The right to informational self-determination became the basis for the existing data protection laws such as the Federal Data Protection Act or the state data protection laws and also influenced the development of Directive 95/46 / EC (Data Protection Directive) .
In recent times, too, the right to informational self-determination has played a major role in constitutional case law. For example, the grid search in North Rhine-Westphalia was declared unconstitutional if it only takes place on the basis of a “general threat situation”; the § 100c and § 100d Code of Criminal Procedure (the so-called Great bugging ) had a criminal offenses and are supplemented by explicit cancellation provisions ( BVerfGE 109, 279 ).
The right not to know is a “negative variant of the right to informational self-determination”.
The spying out of private data out of a government interest is subject to strict restrictions. In accordance with the principle of legality, there is a general need for statutory regulation and, in accordance with the principles of the separation of powers, a court order. After a certain period of time, the spied must also be given knowledge of the process. An intended spying on stock will hardly come into law.
Most recently, the Federal Constitutional Court overturned the statutory regulations of the state of North Rhine-Westphalia as unconstitutional. Clarifications from the Federal Ministry of the Interior are expected for the relevant federal regulations.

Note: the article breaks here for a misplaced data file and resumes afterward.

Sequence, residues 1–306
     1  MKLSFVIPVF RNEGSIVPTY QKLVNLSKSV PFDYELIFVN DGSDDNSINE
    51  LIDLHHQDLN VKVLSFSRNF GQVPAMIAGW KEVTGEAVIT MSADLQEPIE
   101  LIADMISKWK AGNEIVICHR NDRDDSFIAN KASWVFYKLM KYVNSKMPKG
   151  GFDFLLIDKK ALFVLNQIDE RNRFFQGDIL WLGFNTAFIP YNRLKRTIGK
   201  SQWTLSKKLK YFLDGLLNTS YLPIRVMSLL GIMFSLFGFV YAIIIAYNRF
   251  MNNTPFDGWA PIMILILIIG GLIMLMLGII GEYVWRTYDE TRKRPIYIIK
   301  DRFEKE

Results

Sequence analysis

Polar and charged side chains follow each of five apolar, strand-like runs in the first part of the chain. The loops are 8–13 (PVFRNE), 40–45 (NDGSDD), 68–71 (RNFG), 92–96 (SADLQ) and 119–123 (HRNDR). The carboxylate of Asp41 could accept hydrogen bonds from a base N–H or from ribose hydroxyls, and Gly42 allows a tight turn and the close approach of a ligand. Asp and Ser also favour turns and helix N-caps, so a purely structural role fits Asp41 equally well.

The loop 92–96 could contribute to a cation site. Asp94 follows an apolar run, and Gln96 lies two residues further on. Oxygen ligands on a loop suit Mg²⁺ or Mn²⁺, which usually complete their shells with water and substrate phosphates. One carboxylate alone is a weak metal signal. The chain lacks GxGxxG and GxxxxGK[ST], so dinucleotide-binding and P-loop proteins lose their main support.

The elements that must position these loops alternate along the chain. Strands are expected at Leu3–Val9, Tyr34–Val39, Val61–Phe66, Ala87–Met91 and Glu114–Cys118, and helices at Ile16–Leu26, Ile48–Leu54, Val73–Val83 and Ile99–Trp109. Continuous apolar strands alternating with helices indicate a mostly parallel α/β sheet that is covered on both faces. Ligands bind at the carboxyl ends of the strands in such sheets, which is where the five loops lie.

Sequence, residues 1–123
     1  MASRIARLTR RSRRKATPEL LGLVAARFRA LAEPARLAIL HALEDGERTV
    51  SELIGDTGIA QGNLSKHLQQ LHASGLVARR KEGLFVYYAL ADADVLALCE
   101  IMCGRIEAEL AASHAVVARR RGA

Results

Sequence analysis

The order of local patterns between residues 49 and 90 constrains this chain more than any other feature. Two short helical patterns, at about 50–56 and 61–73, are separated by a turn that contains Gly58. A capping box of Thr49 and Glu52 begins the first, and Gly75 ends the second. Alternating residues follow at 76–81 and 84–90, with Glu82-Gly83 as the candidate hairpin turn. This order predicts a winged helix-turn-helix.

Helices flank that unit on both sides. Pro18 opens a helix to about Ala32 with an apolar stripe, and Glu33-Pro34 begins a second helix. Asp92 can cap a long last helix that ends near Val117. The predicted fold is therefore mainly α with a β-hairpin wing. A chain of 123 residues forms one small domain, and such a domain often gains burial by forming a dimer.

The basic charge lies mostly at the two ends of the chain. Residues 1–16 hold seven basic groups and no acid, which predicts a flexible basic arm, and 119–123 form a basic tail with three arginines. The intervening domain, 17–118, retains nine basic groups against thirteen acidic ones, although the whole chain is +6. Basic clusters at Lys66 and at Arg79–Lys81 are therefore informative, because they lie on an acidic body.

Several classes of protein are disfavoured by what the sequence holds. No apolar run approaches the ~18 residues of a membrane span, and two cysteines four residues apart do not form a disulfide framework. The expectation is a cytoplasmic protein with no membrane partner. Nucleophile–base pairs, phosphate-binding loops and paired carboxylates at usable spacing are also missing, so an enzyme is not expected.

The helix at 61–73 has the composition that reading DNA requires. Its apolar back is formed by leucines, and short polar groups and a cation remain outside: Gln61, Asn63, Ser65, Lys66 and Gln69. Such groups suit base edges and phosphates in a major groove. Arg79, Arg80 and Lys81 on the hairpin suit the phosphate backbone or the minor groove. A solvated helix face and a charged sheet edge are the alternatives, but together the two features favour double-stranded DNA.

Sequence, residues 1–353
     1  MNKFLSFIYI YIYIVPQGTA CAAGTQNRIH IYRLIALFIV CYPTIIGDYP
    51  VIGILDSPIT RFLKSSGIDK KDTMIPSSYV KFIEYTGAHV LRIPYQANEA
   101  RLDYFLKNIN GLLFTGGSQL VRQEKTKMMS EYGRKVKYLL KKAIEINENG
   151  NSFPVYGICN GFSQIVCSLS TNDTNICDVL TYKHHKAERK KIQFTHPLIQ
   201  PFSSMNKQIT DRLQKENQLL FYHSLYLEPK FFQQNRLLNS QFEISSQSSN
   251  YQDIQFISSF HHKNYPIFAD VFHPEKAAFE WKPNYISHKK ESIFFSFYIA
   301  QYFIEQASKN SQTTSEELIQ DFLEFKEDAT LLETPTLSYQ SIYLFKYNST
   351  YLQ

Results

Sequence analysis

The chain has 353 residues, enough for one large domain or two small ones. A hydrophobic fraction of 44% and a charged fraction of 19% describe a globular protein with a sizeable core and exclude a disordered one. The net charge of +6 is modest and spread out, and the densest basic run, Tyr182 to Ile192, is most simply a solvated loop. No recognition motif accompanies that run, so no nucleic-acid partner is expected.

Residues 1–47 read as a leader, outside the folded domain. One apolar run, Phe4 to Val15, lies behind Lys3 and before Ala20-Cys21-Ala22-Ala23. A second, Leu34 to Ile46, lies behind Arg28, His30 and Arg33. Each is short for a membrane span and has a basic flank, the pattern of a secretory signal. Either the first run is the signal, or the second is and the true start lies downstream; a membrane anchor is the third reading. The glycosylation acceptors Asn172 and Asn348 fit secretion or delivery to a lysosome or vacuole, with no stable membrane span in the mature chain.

In accordance with current case law (see above), any connection of personal data for the purposes of third parties requires approval if the legal entitlement of the parties involved is not to be restricted. For this purpose, agreements are possible that are made between the parties involved and thus document the express consent of the parties involved. A validity for third parties cannot be achieved by agreement between two parties. Conversely, an agreement between two parties cannot be canceled or become ineffective by an agreement with third parties.
In this respect, in connection with new techniques and procedures (technologies) it can be assumed that a violation of the rights of informational self-determination is technically possible, for example by means of location determination. However, to rule out this technical possibility as illegal in general is not a tenable position. This is confirmed solely by the known devices of mobile radio technology .
If a company uses recognizable personal data for the person concerned, the person concerned generally has a legal right to information about the storage of this data and the purpose of this data. If the storage goes beyond simple address data, the person concerned generally has a legal right to have the storage of this data deleted if he has no contractual relationship with the company ( see also: Federal Data Protection Act: Rights of those concerned ).
If a company becomes annoying, for example through advertising campaigns, the person concerned can obtain information in each individual case by means of a formal letter stating the address. If the company does not provide any information, the person concerned can use legal means to obtain information and deletion by issuing a warning from a lawyer or by taking legal action in court. The person concerned bears the costs initially.
- Big data
- Basic right to guarantee the confidentiality and integrity of information technology systems
- Self-disclosure , right to self-disclosure
- Spiros Simitis : The informational self-determination - basic condition of a constitutional information system. In: Neue Juristische Wochenschrift 1984, pp. 398–405.